Jess Aarons wants to be the fastest boy in the class. He's been practising all summer and he's sure he's going to win. But when a girl moves into the neighbouring farm his life changes forever. Not only does Leslie not look or act like any of the girls in school, she also turns out to be the fastest runner.
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Non-fiction titles for older teens
You will be okay: find strength, stay hopeful and get to grips with grief by Julia A. Stokes and Laurene Boglio
The death of a parent, sibling or friend is one of the most traumatic experiences for a child and it can be hard to know how to talk to them about it. In this honest, comforting and strength-building guide, children can look toward the future with hope. The author shares case studies of children's stories of loss. She offers comforting and practical advice for coping, remembering and taking time for you.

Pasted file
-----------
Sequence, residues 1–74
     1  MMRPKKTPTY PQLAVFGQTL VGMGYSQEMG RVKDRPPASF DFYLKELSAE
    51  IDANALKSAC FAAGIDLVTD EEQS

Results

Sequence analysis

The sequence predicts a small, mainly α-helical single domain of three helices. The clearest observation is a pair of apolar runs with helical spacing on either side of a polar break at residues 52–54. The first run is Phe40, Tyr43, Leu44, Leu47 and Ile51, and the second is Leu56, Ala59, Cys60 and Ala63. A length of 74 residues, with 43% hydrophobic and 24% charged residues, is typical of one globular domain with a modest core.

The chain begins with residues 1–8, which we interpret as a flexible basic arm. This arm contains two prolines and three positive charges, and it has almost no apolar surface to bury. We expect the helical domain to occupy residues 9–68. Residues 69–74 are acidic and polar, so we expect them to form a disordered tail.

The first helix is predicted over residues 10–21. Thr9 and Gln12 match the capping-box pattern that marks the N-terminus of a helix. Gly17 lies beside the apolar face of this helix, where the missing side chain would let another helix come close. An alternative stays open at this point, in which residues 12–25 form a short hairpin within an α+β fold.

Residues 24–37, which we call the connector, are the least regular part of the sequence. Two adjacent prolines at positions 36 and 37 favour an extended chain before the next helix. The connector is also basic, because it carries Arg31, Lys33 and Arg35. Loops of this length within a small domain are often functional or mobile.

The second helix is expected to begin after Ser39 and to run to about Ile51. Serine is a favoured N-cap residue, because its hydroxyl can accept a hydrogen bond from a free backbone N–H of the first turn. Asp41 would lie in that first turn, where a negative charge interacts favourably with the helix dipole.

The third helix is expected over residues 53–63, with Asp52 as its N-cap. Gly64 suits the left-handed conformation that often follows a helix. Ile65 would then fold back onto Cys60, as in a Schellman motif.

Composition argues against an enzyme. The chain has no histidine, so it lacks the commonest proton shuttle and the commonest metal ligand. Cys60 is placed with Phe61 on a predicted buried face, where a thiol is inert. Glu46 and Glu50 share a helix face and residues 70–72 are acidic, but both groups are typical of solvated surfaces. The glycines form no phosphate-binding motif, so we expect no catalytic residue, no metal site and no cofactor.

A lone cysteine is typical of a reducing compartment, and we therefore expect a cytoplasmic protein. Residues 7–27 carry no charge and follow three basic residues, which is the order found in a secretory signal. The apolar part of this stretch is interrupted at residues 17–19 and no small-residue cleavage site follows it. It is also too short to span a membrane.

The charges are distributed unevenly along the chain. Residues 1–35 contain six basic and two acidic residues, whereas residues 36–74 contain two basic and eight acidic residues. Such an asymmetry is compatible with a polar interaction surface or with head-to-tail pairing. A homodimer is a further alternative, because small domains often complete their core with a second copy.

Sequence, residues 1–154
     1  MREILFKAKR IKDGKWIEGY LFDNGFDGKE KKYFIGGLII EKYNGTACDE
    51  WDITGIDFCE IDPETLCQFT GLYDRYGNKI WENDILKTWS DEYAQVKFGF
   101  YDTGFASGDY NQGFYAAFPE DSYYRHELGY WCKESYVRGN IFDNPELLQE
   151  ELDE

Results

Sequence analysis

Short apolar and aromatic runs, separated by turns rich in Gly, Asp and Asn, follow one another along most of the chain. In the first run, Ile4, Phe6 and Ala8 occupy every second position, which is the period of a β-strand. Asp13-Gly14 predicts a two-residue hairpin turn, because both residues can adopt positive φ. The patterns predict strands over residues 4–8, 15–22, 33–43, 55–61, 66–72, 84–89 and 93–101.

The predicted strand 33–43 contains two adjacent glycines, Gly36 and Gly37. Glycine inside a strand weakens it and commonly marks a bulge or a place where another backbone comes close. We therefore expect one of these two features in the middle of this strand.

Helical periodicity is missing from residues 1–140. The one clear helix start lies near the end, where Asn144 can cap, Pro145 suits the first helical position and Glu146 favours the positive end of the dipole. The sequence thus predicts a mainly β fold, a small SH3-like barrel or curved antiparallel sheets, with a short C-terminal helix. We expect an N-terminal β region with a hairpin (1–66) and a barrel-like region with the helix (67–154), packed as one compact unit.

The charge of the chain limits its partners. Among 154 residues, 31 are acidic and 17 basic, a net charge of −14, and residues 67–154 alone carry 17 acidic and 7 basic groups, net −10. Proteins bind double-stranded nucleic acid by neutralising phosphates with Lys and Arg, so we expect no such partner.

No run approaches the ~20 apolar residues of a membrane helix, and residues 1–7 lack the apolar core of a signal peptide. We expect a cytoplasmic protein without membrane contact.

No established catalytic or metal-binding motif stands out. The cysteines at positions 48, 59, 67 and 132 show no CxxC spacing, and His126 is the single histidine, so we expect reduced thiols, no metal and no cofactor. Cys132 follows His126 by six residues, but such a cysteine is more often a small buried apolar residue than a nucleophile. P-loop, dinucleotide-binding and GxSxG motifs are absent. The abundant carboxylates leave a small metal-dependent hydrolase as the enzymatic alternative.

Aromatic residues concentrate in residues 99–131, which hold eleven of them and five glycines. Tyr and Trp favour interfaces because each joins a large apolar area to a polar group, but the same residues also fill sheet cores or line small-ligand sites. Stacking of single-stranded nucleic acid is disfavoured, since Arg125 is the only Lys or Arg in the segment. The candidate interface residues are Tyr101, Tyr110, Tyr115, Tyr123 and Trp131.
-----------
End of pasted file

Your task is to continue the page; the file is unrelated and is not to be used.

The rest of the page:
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Notes on grief by Chimamanda Ngozi Adichie
On 10 June 2020, the scholar James Nwoye Adichie died suddenly in Nigeria. In this tender and powerful essay, expanded from the original 'New Yorker' text, his daughter, a self-confessed daddy's girl, remembers her beloved father. 'Notes on Grief' is at once a tribute to a long life of grace and wisdom, the story of a daughter's fierce love for a parent, and a revealing examination of the layers of loss and the nature of grief.